Our new house (‘Our Eventide Home’, as John rudely calls it) is totally different, and planning this is a great antidote to keening over the loss of the old one.
But looking back, I can’t believe I’ve been lucky enough to have had 44 years of the Glebe. When we bought it, I was beside myself with excitement. Aged 36, to be mistress of paradise! It took us a year to renovate, and I loved that summer. We’d drive down from London, Rayne would disappear into the house to talk to the builders, while I’d pick spinach and peas and the children would run about or sleep on a blanket under a tree.
Apart from putting in decent central heating, our biggest change was to open up the hall, making it double height by losing a bedroom and bathroom above it.
Frieze frame: The design running around the sitting room ceiling, which was painted by Prue’s step-granddaughter, artist Amy Douglas, must be left behind
Swan song: The pedalo on the Glebe’s lake was a gift from Sandi Toksvig. She says: ‘We lacked the water, but once the children could swim, I gave in and he supervised the digging’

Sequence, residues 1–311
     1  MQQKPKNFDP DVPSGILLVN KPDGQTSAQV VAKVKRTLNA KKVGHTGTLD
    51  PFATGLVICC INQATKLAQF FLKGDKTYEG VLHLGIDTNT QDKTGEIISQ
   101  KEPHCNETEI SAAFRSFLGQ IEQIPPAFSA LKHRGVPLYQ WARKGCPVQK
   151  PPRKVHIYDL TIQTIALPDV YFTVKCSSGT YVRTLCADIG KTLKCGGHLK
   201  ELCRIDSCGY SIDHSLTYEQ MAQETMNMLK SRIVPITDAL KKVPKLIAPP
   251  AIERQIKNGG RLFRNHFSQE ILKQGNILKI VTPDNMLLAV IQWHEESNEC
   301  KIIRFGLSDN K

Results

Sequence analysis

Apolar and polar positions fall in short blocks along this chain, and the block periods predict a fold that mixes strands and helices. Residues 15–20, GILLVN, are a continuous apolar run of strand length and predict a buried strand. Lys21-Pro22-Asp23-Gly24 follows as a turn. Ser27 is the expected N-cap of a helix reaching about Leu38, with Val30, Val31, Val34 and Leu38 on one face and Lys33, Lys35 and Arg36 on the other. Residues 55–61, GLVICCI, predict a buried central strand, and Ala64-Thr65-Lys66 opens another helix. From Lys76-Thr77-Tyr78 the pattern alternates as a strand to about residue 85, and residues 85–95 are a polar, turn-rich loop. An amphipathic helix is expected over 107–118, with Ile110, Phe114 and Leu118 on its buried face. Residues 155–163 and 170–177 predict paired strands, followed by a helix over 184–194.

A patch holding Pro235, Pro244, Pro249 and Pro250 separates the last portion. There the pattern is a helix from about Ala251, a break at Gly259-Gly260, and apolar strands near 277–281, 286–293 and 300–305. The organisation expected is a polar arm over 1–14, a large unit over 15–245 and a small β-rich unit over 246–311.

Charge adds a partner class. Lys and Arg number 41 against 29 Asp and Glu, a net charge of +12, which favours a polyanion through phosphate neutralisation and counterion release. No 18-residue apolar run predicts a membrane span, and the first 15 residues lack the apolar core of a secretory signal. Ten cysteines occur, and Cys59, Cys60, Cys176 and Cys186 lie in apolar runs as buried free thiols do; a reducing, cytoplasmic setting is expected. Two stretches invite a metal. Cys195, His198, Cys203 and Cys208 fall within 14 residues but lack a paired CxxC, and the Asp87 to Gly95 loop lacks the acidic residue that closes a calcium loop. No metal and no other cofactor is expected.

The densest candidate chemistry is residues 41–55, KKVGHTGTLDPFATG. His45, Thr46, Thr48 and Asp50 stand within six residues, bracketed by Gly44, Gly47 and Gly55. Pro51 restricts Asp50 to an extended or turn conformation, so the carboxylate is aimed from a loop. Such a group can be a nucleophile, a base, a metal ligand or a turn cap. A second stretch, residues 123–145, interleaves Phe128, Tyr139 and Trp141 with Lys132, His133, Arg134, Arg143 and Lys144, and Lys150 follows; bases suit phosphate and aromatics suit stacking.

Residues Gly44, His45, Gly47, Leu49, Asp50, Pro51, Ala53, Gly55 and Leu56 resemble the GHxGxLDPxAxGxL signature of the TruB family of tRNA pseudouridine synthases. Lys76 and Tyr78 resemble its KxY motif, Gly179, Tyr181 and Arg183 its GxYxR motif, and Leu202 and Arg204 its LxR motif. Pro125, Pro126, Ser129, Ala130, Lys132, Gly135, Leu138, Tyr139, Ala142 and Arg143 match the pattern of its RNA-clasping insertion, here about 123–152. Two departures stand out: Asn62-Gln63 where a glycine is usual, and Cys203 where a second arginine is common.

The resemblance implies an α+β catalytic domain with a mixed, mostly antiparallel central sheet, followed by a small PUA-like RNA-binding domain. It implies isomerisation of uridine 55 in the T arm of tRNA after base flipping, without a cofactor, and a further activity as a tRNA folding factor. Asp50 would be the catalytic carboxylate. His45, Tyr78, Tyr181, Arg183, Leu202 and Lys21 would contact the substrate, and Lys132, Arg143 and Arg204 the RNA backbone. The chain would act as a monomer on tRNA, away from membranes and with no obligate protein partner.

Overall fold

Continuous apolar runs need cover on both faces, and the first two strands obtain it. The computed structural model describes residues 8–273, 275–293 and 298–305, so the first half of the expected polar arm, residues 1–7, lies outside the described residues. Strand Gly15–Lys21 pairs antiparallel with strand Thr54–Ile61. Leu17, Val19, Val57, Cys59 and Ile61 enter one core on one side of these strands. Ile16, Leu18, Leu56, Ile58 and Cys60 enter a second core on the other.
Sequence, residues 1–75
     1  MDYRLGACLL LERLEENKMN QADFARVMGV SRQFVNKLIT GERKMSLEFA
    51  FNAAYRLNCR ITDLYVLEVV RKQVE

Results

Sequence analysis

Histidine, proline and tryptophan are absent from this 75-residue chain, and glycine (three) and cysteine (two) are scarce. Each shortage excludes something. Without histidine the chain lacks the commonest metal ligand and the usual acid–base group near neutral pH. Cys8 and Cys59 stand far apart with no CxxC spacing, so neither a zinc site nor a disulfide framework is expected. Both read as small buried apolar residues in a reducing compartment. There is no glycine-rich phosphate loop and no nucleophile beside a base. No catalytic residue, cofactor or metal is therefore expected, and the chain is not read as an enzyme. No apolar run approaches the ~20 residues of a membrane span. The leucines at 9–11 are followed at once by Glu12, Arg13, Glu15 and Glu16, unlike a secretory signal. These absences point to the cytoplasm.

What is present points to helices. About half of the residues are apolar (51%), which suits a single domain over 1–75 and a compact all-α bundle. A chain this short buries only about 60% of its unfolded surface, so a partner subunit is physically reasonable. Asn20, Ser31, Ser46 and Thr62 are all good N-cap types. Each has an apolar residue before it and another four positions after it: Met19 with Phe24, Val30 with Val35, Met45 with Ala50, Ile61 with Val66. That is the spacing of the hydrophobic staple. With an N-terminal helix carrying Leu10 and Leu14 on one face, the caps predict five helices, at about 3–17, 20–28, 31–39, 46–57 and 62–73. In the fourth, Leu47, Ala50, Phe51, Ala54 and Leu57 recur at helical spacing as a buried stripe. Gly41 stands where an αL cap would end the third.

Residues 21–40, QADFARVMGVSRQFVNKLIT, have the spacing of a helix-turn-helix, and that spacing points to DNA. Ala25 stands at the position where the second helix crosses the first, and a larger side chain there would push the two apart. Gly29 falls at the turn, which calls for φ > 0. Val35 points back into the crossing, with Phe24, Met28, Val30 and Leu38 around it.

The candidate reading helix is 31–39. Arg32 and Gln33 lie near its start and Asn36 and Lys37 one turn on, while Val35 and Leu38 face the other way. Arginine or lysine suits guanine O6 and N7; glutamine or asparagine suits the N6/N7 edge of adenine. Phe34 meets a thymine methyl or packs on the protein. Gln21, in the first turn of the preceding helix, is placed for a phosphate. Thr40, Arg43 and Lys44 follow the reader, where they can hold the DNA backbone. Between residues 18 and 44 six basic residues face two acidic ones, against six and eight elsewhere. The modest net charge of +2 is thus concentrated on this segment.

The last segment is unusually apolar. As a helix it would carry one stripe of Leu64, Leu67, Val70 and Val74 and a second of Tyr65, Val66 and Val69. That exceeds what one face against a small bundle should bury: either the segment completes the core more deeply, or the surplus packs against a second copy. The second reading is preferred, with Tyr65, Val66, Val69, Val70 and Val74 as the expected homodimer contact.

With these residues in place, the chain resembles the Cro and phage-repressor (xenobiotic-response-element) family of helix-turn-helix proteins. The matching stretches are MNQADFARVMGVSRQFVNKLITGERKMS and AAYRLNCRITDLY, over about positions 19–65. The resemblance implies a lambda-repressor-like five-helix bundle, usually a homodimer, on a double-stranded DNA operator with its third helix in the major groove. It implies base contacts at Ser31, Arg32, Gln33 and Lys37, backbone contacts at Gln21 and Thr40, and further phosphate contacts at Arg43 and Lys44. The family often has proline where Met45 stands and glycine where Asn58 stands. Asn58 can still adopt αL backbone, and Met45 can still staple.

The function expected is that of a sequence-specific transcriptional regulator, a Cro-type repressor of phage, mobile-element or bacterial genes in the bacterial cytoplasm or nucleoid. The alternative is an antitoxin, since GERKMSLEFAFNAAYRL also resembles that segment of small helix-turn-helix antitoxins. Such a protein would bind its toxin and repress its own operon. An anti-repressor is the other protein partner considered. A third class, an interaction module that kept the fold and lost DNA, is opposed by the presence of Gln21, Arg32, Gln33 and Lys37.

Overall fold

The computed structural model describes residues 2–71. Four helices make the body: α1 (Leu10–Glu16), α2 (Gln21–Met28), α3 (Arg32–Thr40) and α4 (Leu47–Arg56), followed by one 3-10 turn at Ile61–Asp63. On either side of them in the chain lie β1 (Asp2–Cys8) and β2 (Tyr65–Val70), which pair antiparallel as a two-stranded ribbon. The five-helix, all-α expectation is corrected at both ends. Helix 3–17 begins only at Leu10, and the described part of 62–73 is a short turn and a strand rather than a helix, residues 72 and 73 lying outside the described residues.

The Victorian wing had a butler’s pantry, kitchen, flower room and storeroom, which we banged into one to make a huge playroom, big enough for a ping pong table, trikes and train sets. At Christmas, the ping pong table would be joined to other odd tables and we’d sit down 20 or 25 family members to lunch.
The first floor had four bedrooms, all south-facing, the best one with windows to the south and west and a dressing room and bathroom. I had a happy time decorating this bathroom.
We’d inherited old-fashioned ochre tiles with a roomy bath with a surround big enough to take a tea-tray (or a gin and tonic).
I do love a long bath and had a fantasy of lying under an apple tree laden with rosy apples. I couldn’t find any apple wallpaper, so I bought a leafy one and painted hundreds of apples on it. I didn’t paint, Michelangelo-style, directly on the ceiling, but with the paper laid out on the ping pong table.
I also bought an elaborate mantelpiece with shelves, which I’m really going to miss. On it sit odd-shaped bottles I fill with Boots bath bubbles of every colour.
Every room holds a memory: the children crawling into our bed in the mornings; Rayne’s study, smelling of old books and cigarette smoke; the year we staged a nativity play in the playroom, when our pet donkey ate the manger and then peed on the floor.